Not too long ago Kiran visited Pune from Bangalore. He spent his day in Pune and ended it in Koregaon Park. Instead of taking a cab to the airport he decided to walk. The 1+ hour-long route for sure took him through pedestrian-friendly & unfriendly spots, but that didn’t matter at all to him. He made it and tweeted out his accomplishment to his many followers.
The prevalent assessment of living in a city like Pune or Bangalore are that they are pedestrian and cyclist-unfriendly. Some of the replies to Kiran’s tweets echo this sentiment. Sure, these cities are far from the idea of Blue Zones that encourage denizens to walk, cycle to work and getting around differently. Picture your self coasting on LA’s Venice Beach, or in Amsterdam with dedicated cyclist lanes, safely segregated from the surrounding traffic. We’re a long way from that.
In Pune’s commuting history there have been attempts to improve the cycling infrastructure and ridership. At one point segregated cycling lanes were built. Some still exist today with intact road skirts but neglected riding surfaces. Last year several bike-leasing startups such as Yulu have deployed several thousand bicycles across the city. Students continue to prefer to cycle to school. What I think deters ridership are the increasing distances, the growing population of 4-wheelers and large vehicles. Pune’s hot summers and monsoons push commuters to give up on two-wheels and take cars to work thus increasing traffic snarls and parking unavailability.
Having cycled to work and for errands over the last 3 weeks, I humbly submit that it’s fun to get around Pune on a bicycle and a tad tricky. The dangers include aggressive drivers that’ll cut across your riding lane, gravel on the street, inclined crossovers that your tires won’t grip, two-wheelers taking shallow rights, four-wheeler occupants who’ll flip doors open at you, bus drivers, impatient auto-wallahs and so on. Once I can get over the psychological hump of riding with them, learn to navigate them, I’ll be more open to the pure satisfaction emerging from long and short rides. Soon, I imagine I won’t think twice before getting on my saddle.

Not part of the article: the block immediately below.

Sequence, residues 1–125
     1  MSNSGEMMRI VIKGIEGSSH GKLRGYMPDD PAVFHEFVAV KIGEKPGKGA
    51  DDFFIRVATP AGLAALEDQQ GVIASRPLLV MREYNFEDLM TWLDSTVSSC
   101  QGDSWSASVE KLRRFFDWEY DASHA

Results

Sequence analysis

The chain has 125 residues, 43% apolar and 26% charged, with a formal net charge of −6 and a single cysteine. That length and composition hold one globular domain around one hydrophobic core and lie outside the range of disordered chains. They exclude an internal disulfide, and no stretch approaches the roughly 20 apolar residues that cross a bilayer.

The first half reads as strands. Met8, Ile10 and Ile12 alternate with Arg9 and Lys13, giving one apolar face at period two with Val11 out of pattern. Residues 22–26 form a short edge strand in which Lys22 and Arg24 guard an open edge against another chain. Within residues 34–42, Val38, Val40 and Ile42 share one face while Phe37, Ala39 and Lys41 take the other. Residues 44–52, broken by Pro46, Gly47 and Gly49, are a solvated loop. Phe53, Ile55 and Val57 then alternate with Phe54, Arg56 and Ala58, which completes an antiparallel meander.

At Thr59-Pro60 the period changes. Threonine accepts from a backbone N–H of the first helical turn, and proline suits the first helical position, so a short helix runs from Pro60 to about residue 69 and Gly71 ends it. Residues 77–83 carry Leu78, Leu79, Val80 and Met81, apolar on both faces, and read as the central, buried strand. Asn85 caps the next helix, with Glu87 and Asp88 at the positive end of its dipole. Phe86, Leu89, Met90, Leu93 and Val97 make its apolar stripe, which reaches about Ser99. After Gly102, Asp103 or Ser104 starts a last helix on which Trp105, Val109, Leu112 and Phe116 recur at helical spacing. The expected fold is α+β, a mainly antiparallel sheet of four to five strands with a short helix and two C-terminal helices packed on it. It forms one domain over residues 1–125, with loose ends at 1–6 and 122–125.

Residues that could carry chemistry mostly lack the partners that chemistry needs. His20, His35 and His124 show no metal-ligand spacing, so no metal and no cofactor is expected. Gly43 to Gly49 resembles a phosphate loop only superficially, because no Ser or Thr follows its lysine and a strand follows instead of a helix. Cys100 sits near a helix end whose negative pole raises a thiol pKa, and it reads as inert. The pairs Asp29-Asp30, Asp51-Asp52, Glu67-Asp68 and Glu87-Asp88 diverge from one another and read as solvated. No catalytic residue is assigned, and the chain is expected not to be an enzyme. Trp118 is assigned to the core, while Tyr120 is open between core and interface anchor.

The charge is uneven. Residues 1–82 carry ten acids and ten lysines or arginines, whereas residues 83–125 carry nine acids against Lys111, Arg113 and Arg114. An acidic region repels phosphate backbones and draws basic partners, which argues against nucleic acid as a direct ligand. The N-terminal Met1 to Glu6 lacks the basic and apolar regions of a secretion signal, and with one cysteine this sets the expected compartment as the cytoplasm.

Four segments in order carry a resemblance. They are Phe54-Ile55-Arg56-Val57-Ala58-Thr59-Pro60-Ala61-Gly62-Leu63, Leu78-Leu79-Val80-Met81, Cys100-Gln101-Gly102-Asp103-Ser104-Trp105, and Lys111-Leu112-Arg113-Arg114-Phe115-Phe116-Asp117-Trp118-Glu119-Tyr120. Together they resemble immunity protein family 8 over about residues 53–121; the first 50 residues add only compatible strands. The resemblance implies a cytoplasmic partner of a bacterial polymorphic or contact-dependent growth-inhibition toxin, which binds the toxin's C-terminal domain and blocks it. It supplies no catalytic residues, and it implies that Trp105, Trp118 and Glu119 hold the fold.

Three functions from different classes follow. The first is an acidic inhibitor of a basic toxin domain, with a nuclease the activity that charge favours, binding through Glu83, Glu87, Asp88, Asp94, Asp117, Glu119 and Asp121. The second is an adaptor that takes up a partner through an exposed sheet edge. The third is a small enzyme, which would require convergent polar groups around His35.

It goes without saying that if you haven’t already figured it out, err on the side of safety. Wear a helmet and maybe even protection for elbows, knees. If you’re riding early mornings or after dark, purchase an inexpensive high-visibility vest, add reflectors, or spend a little more on a USB-charged light that straps to your bicycle. Sundays and National Holidays the traffic is way more forgiving and long rides more enjoyable.
I guess it’s alright to want more. Mehuls’ bike ride to work is over 10 km. If city riding is not your thing you can head out or find trails inside the city. Bicycles are incredibly fun and should be the future of inner-city transport. If you’re not convinced, that’s ok too – just be cool with the riders on pedal-powered machines you’ll meet at your next traffic light.
PS. if you’re part of Pune’s growing cycling enthusiast groups and are open to riding together, tweet me.